Why China will win the global race for complete AI dominance

A State Council document resolved to position China as the world’s pre-eminent practitioner of AI within the next 12 years. Governments across the world are rushing to support innovation in AI, but none has published as coherent a plan as China and, more importantly, has the ability to get things done
The Chinese government can implement policy in ways that are impossible in western democracies.
Intent, however, is one thing: to paraphrase the boxer Mike Tyson, everyone has a plan until they get punched in the mouth. The Chinese not only have a strategy, they have a track record of delivering on large-scale, ambitious projects. Its One Belt, One Road infrastructure project is reshaping large chunks of the world and its policy for ‘mass entrepreneurship and innovation’ has set aside $320 billion to support entrepreneurs in order to drive a structural shift from an industrial to service-based economy underpinned technology and innovation.
“The State Council paper laid out China’s desire to be a hub of AI innovation by 2030, and these papers have teeth in terms of very strong local execution,” says Kai-Fu Lee, a key figure in the Chinese technology industry. With a portfolio of 300 companies, Lee is among the leading investors in Chinese AI startups through his venture fund Sinovation Ventures, a $1.8bn dual currency fund, which also invests in the US.
“All the ministries are thinking about it – from the ministry of science and technology to the ministry of education,” Lee says, detailing an array of subsidies, tax rebates, guiding funds and incentives offered by local governments which, in China, typically have a significant role in investment alongside private investors.
“State Council papers have the tradition of rapidly mobilising the whole country as a call to action and we’ve seen that in the speed in which China has built its high-speed rail, and when its mass entrepreneurship and innovation campaign [launched in 2014] caused 66,000 incubators to be built over two years.”
Lee, 56, is ideally placed to offer a perspective on the Chinese technology sector, as he occupies the unusual position of being both an outsider yet is, demonstrably, also an insider. Born in Taiwan to Chinese parents who emigrated to the US, he attended high school before completing a PhD in computer science at Carnegie Mellon. In 1990, he was appointed chief research scientist at Apple, where he worked in both product and management, before moving to Microsoft in 1998, where he served in a number of senior roles, including instituting Microsoft Research in Beijing.
In 2005, he was appointed president of Google China. After four years at the search giant he announced he was leaving to run, Sinovation Ventures, which specialises in early stage and seed funding. Today, with investments in verticals from retail to transportation, fintech to robotics, he’s something of a rock star in the Chinese tech scene, with more than 50 million followers on social networks within the country.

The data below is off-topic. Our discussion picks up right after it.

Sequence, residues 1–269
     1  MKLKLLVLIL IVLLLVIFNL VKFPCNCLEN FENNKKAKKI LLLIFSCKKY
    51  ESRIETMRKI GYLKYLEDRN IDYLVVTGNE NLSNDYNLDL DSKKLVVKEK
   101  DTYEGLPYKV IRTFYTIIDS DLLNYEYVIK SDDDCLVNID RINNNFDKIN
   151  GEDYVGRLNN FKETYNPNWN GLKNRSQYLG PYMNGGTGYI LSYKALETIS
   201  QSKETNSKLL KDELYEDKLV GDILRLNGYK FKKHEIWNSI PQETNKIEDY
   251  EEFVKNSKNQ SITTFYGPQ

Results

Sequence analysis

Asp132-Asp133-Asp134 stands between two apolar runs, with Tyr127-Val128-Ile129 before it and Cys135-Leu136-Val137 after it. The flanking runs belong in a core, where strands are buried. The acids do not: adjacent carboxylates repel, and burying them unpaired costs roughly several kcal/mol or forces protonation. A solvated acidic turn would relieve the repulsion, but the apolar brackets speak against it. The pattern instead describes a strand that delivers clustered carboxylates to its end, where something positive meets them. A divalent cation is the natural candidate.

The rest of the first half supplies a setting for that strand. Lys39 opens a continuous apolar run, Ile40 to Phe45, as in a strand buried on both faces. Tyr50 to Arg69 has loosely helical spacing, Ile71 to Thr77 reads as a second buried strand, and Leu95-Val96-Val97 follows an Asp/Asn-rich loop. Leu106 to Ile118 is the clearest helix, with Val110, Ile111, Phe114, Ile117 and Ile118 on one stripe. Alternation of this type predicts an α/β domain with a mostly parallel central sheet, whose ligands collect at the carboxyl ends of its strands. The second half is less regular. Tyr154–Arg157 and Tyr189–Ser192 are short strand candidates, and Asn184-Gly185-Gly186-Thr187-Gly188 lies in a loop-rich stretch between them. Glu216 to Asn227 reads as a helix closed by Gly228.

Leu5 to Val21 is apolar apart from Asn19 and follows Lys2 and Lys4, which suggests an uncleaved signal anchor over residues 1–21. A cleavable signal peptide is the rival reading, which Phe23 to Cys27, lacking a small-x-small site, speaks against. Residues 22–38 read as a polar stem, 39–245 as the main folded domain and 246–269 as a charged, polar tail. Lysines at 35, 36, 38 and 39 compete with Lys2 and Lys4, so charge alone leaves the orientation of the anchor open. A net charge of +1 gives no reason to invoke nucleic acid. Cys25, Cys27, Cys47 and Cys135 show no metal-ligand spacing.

With entrepreneurial culture having developed at breakneck pace in China over the past decade – today, the value of some Chinese technology companies like Alibaba and Tencent surpasses that of their American counterparts – Lee’s belief is that China enjoys significant structural advantages, primarily that of scale.
“AI is run on data as fuel and China has so much more data than any other country,” Lee says. “While the mobile user numbers are maybe three X difference, the mobile payment numbers are more like 50 times more than the US. This huge amount of data can be cranked through the AI engine for better predictions, better efficiency, higher profits, less labour, less cost and so on. The data advantage is a huge one.”
As debate continues in western democracies about the power and influence of technology companies and the way they share and use consumer data, there are few such qualms among Chinese consumers – and certainly none among technology companies, all of which operate with the implicit approval of the government. Earlier this month, Beijing startup SenseTime, which makes surveillance technology, received $600m in funding, giving it a valuation of $4.5bn.
“Chinese users are willing to trade their personal privacy data for convenience or safety,” Lee says. “It’s not an explicit process, but it’s a cultural element.”
But, state policy and a vast marketplace will only take innovation so far. In order for machine learning and other forms of computer science to provide the tools needed for the dominant startups of the future, there is a need for talent in what has become a global marketplace.
“There are a huge number of engineering students who are ready to go into AI,” Lee says. “A lot of people misunderstand AI as a brilliant scientist invents another AI algorithm for medicine, finance, loans, banking, autonomous vehicle, face recognition… But that is just not the way AI business is run. There is really one fundamental AI innovation – deep learning – and everybody else is tweaking it for the domains.
“So, we’re not in the age of discovery; we’re in the age of implementation, we’re in the age of data, and China has a better set, a larger set of implementers or good AI engineers who get the work done, who make the algorithms run fast, connect to business logic.”